New efforts are under way to account for people missing in Thailand's troubled southern provinces after almost two years of insurgent violence. Bodies are being exhumed to address fears that security forces have secretly killed people to fight the insurgency.
The exhumations from cemeteries in Thailand's mostly Muslim southern provinces, due to start in January, are part of efforts to track down people who have disappeared since the insurgency began nearly two years ago.
The government's Bureau of Missing Persons and the National Reconciliation Commission are leading the effort. The commission was set up to ease tensions between the Muslim minority and Buddhist majority, which have been frayed by the insurgency.
Dr. Porntip Rojanasunan, director of the Justice Ministry's Central Institute of Forensic Science, will oversee the exhumation of over three hundred unidentified bodies in the provinces of Narathiwat, Pattani and Yala.
"We try to find a solution in the local area, in three provinces. Pattani, there are about 300 unidentified remains - in just only one year - 80 percent for murder. But in Narathiwat, there's about 30 [unidentified] and Yala just 20 or 30," he said. "So we try to start in Pattani first."
The bodies will be dug up and examined to investigate allegations that the military and police murdered some suspected militants.
Officially, fewer than 20 Muslims are reported missing in the south. But a Thai senate committee alleges that dozens have disappeared after being dragged from their homes by men in military uniforms.
The Thai Human Rights Commission says up to two hundred people may have disappeared. It has documented allegations of suspects being beaten, strangled, electrocuted and humiliated by state interrogators.
Prime Minister Thaksin Shinawatra has acknowledged that some police officers acted overzealously, and promised abuses would end. But Sunai Phasuk, with the Bangkok office of the group Human Rights Watch, says the officers should be held accountable.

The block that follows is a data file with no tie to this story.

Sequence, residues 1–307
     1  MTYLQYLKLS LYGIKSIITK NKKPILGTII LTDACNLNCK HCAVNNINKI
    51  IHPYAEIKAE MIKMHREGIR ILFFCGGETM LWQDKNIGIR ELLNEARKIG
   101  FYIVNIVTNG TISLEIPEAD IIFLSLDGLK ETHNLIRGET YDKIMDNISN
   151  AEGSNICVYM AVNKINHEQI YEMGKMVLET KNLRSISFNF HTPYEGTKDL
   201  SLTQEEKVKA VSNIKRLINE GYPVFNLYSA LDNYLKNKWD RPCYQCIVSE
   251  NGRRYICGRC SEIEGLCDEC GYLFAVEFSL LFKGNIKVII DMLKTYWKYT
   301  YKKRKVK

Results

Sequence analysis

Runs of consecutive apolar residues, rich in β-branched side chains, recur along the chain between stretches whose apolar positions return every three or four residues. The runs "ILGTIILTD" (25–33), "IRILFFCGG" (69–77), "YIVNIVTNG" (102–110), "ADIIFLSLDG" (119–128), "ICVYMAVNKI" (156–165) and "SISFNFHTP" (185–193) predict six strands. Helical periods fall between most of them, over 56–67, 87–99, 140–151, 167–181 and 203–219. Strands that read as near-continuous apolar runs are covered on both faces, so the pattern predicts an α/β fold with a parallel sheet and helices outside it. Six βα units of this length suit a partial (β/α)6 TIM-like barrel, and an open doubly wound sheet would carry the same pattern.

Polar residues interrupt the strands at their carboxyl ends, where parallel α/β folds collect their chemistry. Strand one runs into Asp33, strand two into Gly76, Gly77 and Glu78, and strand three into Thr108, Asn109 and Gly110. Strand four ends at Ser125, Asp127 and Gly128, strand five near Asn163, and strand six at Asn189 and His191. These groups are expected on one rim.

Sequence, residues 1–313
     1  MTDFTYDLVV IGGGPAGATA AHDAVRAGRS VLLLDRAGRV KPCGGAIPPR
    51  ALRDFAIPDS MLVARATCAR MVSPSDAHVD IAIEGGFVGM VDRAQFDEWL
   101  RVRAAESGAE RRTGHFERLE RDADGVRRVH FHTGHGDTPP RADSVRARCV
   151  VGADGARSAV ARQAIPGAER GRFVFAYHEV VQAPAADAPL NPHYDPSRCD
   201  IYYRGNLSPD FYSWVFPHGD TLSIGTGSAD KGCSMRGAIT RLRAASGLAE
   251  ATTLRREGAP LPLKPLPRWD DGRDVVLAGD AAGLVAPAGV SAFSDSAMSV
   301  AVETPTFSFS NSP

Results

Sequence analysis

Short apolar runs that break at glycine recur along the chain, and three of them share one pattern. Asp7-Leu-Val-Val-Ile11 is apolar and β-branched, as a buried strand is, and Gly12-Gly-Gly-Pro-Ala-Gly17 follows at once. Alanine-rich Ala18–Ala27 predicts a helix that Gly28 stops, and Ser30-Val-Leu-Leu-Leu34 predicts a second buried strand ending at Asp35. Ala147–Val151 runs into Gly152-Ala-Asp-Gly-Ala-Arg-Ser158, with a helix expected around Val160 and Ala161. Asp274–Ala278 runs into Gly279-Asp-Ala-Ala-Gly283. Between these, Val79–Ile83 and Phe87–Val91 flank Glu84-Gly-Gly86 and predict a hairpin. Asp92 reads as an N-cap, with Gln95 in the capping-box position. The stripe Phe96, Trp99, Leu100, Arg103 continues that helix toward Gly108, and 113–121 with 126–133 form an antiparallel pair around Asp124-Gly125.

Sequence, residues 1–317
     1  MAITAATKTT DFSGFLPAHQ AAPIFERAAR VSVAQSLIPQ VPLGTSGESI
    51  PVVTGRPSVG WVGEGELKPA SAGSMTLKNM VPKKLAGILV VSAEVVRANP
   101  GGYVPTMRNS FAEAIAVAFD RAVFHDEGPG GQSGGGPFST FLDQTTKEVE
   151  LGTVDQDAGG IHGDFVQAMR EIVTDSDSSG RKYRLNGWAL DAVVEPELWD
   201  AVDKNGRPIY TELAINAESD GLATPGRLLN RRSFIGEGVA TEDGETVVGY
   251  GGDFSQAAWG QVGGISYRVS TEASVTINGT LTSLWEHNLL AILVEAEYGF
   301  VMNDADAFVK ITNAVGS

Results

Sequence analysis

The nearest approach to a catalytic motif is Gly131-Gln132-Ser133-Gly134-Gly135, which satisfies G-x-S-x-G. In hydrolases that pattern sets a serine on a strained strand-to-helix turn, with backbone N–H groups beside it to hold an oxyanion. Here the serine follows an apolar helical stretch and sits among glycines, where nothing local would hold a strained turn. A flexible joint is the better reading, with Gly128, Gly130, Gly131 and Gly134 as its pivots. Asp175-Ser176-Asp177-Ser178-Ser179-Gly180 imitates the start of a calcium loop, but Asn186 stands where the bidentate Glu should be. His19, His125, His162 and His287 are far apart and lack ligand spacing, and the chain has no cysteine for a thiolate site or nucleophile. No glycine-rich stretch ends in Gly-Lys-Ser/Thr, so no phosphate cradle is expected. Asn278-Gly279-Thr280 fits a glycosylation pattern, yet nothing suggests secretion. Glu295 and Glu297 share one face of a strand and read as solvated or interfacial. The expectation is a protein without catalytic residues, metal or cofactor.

"Is the government going to hold them accountable to this crime? And these forced disappearances are serious human rights violations, which violate not only the Thai law, but international [law]," he said. "Still we don't see any act of responsibility from the Thai government."
Muslim lawyers say police continue to use torture and coercion to obtain confessions from suspects.
Mr. Sunai blames what he calls heavy pressure from the government to end the violence. Over 1,000 people have died in the south since the insurgency began. Most of the victims have been civilians, often civil servants, teachers and poor rubber farmers.
"Since the new spate of violence broke out in southern Thailand there seems to be a concerted attempt of the authorities, particularly the law enforcement, to meet with unrealistic deadlines put in place by the prime minister to solve the cases," he said.
The investigation into the missing people in the south does not include the case of a respected Muslim human rights lawyer, Somchai Neelapaichit. He disappeared in March 2004 after he was seen being bundled into a car in suburban Bangkok.
Mr. Somchai was representing four Muslim teachers who authorities had accused of being members of the regional terror group, Jemaah Islamiyah. All four men have since been released.
Four police officers face charges of theft and assault in the Somchai case but have not been charged with abduction due to a lack of evidence.
Mr. Somchai's wife, Angkhama Neelapaichit, says little progress has been made in finding her husband.
"If they ask me again today what I want - I can't say that I want justice," she said. "What I want to know is where is Somchai - is he dead or alive?"
Recently, she met with Justice Ministry officials, to plead for greater attention to her husband's case.
It is not clear who is leading the Islamic insurgency in the south, where most of Thailand's Muslim minority lives. The provinces are among the poorest in the country, and Muslims there have long complained of discrimination by Thailand's Buddhist majority.